I am suppose to start my online program on March 11, wish me luck!

Therapy Follow Up

I wrote a post earlier this week about my anxiety over seeing a new therapist today. I wanted to write a follow up post because a few people were interested in hearing how it went.

When I left for my appointment this morning I was in a good headspace and actually felt ready to talk about some of my issues. I had to drive forty minutes to his office and when I was about half way there I all the sudden started panicking about it. My thoughts started racing about how I always drop out of therapy after a couple sessions so why bother? Counseling never works for me so why am I trying? Who’s idea was it to see a man in the first place when I am so uncomfortable around men?

I had some how convinced myself that it was not worth my time and that I wasn’t going, but I kept driving. I was anxious about finding the place but it was relatively easy. I parked and sat there for a while. I was starting to have physical symptoms of anxiety and actually crying. WHAT IS WRONG WITH ME? How am I ever suppose to get better if I can’t even walk in the door.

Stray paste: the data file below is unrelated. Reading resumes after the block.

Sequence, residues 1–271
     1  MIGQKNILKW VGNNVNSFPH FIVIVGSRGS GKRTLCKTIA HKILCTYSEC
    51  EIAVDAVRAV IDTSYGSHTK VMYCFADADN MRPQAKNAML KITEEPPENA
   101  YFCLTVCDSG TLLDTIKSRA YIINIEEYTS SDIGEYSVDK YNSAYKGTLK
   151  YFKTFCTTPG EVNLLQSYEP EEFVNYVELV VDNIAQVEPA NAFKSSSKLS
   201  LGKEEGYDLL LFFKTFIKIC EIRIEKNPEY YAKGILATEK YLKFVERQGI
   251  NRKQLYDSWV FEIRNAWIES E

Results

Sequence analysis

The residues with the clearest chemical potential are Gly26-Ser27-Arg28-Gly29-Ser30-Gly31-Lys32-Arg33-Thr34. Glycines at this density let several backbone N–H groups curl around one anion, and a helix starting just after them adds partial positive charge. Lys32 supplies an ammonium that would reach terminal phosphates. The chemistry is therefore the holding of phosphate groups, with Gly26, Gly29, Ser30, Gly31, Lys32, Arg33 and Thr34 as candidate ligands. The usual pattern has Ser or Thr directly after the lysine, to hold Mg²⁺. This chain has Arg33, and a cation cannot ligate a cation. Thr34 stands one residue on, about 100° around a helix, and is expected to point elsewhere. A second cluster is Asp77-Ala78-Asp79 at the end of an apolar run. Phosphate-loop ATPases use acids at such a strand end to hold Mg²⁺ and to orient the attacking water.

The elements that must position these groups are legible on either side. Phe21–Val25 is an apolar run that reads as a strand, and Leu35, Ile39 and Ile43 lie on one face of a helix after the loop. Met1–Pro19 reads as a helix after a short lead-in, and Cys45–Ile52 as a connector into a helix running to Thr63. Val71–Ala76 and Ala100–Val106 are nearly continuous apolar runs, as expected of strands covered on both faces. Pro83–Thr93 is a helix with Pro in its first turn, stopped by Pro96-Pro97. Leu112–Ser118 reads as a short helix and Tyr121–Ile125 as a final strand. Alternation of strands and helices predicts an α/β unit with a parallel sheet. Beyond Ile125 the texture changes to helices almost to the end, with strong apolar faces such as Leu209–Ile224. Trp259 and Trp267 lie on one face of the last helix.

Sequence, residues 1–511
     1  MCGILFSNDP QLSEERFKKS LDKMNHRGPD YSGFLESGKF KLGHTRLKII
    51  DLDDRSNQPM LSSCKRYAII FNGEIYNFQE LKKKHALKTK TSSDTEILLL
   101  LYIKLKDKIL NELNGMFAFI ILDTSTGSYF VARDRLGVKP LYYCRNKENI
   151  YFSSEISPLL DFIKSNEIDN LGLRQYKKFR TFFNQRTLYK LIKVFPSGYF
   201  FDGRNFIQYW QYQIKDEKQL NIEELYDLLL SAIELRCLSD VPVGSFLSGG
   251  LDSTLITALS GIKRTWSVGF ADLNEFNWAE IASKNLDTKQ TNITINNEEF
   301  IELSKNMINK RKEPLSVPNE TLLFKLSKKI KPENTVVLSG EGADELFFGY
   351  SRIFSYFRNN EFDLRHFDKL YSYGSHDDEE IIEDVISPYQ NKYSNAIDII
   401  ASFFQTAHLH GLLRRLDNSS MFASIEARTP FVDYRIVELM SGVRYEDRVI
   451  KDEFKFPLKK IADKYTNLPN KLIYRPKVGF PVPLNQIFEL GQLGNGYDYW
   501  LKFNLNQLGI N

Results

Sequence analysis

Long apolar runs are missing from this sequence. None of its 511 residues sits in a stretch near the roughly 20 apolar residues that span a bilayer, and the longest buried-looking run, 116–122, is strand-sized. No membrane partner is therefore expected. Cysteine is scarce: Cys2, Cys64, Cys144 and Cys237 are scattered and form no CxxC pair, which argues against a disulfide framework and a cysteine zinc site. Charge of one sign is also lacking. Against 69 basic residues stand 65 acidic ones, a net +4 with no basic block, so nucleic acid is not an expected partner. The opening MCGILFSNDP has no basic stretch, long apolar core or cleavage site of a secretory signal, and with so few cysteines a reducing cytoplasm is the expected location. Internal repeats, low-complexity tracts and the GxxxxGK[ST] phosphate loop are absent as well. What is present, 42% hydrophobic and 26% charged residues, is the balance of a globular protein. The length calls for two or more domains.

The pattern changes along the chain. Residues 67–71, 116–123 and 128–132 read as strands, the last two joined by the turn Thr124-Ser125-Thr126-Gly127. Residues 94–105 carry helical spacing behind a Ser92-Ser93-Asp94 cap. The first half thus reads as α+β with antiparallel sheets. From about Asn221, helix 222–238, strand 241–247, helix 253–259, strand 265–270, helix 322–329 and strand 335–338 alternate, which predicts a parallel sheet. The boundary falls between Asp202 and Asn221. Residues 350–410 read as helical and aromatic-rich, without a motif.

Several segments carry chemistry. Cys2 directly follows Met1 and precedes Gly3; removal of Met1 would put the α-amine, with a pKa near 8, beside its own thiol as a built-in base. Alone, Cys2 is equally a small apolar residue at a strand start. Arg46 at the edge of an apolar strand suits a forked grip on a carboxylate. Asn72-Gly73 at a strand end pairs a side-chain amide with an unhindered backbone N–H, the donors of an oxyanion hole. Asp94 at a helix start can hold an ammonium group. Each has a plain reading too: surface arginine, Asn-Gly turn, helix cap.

I started thinking about my life and what I want and I just knew that it was the right thing to do. I texted my best friend and told her I was panicking about seeing a new therapist and she gave me some reassurance. I know this probably sounds so dramatic to people and you’re probably thinking that I’m crazy for being this worked up over one appointment. You’re right, I am super crazy – hence why I need therapy.

I somehow made it inside and met this new therapist and it was all okay. I filled out paperwork and then he asked me to tell him about my life which is hard for me because I never know where to start. He started asking questions and the hour flew by. I actually felt like he was listening and reassuring because he would ask clarifying questions, etc. I have had therapist in the past scroll on their phone the whole session, so this was nice.

I don’t know why I get so anxious about therapy but I am so proud of myself for putting one foot in front of the other and going. Now I just need to stick with it.

Asking for Help is HARD

As far back as I can remember, I see symptoms of mental illness.